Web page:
The worlds of e-commerce and online advertising are going through a bit of a phase, it seems.
Experimentation is the name of the game, as e-tailers and others try to break free of “old” formulas in an all-out effort to re-stoke the growth engines that hummed so powerfully for a while.
The problem is what two of these recent experiments have in common: They are intrusive. They are in-your-face. And they are annoying.
The two innovations, if we can call them that, are the X10.com pop-under advertising campaign and the Half.com “Price Patrol.” Both foreshadow a much less user-friendly Web experience in the not-too-distant future.
Who Left the Windows Open?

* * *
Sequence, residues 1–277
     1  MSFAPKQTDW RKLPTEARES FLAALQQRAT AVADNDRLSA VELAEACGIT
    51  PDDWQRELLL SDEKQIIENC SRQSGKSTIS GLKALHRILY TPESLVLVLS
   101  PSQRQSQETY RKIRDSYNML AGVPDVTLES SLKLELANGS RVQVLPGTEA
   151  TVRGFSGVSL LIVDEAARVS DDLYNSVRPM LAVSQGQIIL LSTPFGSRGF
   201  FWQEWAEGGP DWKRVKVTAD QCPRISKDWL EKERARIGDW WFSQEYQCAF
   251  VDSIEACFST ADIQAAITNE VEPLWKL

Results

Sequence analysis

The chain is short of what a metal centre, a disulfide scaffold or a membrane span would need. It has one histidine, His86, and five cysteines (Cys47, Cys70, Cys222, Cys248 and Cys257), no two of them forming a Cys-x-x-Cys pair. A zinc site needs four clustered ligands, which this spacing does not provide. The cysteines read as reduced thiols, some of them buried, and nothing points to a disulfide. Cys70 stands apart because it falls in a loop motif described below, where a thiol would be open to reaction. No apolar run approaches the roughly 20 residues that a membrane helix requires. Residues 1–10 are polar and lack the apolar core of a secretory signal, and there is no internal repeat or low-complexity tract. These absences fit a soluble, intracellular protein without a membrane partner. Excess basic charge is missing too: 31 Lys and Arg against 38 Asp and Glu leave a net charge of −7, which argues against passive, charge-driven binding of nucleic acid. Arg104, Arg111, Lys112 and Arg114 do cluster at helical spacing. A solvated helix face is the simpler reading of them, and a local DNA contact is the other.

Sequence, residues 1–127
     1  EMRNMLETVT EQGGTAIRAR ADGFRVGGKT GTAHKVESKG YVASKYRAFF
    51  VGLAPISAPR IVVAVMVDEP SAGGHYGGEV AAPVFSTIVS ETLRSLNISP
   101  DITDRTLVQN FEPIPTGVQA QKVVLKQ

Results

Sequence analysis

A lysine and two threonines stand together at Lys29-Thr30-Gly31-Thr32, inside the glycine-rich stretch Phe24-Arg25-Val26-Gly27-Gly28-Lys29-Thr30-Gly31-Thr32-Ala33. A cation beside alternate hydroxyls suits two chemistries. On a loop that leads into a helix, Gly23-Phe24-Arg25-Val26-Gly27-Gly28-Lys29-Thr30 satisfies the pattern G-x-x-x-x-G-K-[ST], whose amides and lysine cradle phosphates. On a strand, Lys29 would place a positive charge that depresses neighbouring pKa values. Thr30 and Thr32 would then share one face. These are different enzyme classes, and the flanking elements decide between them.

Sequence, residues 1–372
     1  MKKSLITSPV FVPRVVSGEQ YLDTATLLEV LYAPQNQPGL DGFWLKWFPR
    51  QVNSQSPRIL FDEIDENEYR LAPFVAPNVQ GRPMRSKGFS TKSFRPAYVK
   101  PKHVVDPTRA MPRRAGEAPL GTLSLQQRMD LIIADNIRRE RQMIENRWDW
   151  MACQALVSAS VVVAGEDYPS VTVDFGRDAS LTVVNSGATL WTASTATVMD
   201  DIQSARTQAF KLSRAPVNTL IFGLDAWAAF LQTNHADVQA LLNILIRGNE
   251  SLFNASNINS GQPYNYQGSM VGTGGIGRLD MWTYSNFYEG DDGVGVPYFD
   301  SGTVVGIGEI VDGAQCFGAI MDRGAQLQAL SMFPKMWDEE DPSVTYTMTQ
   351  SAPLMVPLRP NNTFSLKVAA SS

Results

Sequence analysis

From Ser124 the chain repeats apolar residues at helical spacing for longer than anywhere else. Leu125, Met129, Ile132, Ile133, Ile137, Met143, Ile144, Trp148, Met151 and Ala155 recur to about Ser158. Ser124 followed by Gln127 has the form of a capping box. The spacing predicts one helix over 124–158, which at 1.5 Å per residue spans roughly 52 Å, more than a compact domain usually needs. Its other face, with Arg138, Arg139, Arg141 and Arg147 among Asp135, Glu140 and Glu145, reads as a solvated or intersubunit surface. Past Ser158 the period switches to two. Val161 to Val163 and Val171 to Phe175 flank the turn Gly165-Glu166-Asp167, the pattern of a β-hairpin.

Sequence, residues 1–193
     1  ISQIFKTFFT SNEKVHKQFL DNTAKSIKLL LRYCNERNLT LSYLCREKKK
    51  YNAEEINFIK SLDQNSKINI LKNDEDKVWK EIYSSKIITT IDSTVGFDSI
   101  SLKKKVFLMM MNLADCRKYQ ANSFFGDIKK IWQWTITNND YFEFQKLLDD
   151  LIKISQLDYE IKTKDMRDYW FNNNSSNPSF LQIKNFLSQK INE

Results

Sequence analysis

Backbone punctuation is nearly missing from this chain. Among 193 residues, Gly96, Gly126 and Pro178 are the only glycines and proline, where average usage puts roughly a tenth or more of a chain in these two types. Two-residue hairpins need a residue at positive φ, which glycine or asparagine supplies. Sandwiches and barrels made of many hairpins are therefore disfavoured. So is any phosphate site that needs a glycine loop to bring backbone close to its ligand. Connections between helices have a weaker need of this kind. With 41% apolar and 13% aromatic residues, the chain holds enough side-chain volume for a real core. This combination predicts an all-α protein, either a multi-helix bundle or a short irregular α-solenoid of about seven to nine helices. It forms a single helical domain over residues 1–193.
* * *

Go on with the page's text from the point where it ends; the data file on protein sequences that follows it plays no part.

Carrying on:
The X10.com story is an interesting one. In what one analyst called an online “carpet bombing,” X10.com bought advertising space on the Web’s busiest sites, enabling the company to, uninvited, open extra browser windows containing a link to the X10.com’s home page. The X10 browser windows open under the browser window the Web user already had open, and whether or not the user clicks on the ad window, X10.com counts the user as part of its Web traffic.
In addition to millions of page views, the tactic has gotten X10.com some free press, which is probably more valuable than the ineffective pop-under ads themselves. Add it all up and you get what advertising industry spin doctors would call a broader palate for advertising online.
Great, except this particular part of the palate happens to involve my computer. Hijacking my browser for X10.com’s gain might have gotten the company coverage in the trade press. It might even win X10.com a few new customers. But it sure isn’t going to make any friends.